We don’t talk about “victory” any longer. In Afghanistan, we now talk about “good enough.”
And what does that mean? It means an exit that is politically acceptable to the American people, especially in an election year.
But, before we go any further, let’s doubleback to Iraq for a moment. Remember Iraq? All American combat troops were withdrawn last December, and security was left in the hands of the Iraqi army and police. Now, according to The New York Times, the multibillion-dollar program designed to train the Iraqi police, the biggest U.S. aid program since the Marshall Plan in post-WWII Europe, may come to a crashing halt in December of this year. The reasons are two-fold: the United States cannot afford it, and the Iraqis don’t want it. Apparently, they have had enough of the United States. With neighboring Iran now pushing its own candidate for the key job of Iraq’s top mullah, and with Syria, another neighbor, now crumbling into an ugly civil war, likely to spill over national borders, Iraq’s Shite leaders have begun to look inward, stressing their sovereignty and rearranging their national policies. They now see wisdom in sharply reducing their dependence on the United States, which is not the way the United States had imagined its post-war relations with Iraq. President George W. Bush thought he was building a true democracy in the Middle East, and President Barack Obama, who never approved of the Iraq War in the first place, just wanted to get out of there.
Now, back to Afghanistan, where recent developments in Iraq have relevance and resonance. During his first presidential campaign, Obama pledged that the United States would “win the war” in Afghanistan. But, over the last few years, as he has grappled with the dangers and complexities of the war, he has changed his mind and his policy. Now he wants out of there, too, but his explanatory rhetoric clearly lacks candor. When talking to American troops, he sounds positive and even optimistic. When he acts, though, he looks like a president hurrying to the nearest door. All combat troops—out by the end of December, 2014. All combat operations—over by December, 2013.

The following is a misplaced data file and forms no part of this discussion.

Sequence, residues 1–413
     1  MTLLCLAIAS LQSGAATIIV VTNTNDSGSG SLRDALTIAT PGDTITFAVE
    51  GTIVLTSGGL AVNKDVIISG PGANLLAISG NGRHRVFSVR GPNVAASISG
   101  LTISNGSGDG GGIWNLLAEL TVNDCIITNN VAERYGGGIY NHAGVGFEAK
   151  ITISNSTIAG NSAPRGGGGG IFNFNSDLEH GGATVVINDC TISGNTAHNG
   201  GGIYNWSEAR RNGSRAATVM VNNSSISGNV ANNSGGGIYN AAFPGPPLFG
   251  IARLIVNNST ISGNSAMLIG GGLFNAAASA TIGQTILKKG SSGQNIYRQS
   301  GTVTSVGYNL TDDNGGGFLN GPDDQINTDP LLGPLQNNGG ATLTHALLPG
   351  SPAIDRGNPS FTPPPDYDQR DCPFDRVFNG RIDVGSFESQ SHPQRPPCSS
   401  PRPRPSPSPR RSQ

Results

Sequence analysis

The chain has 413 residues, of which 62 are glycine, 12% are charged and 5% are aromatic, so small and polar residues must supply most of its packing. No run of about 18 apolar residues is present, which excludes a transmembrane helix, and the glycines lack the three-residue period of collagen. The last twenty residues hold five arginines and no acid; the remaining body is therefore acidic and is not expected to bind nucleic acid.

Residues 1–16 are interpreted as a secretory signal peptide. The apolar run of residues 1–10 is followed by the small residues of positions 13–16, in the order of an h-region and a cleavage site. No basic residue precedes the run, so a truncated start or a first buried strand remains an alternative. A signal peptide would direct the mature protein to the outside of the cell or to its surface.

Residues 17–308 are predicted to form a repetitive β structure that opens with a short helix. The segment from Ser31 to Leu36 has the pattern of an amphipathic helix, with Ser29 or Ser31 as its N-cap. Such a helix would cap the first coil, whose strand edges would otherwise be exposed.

This weekend, NATO leaders will convene in Chicago to announce next steps. France’s newly-elected president, Francois Hollande, says he will withdraw all French forces by the end of this year. The British, in a second-dip recession, may soon come to the same decision. Everyone knows that Obama will reduce U.S. troop strength in Afghanistan to 68,000 by the end of this summer.
The Afghan War has become the longest in American history; and when the Afghans we have trained for their own self-defense turn their guns on us, that is a depressing signal that, like the Iraqis, they don’t want us there. Or, if they do, it is to be strictly on their terms. This year alone, 21 NATO troops have been killed by Afghans, trained and equipped by NATO. That’s 14% of total NATO casualties.
Who is kidding whom? Obama wants out but won’t say so. GOP candidate Romney wants to kill the Taliban until they surrender, which is most unlikely. And, after the experience in Vietnam, no American president wants to be sitting in the Oval Office while the United States loses another war.
Result: “good enough.” If the United States can somehow find an exit strategy that is politically acceptable to the American people, then it will seize it. Ask an American official for a clear definition of American policy in Afghanistan, and you are likely to hear the words “good enough.” And then you fill in the blanks.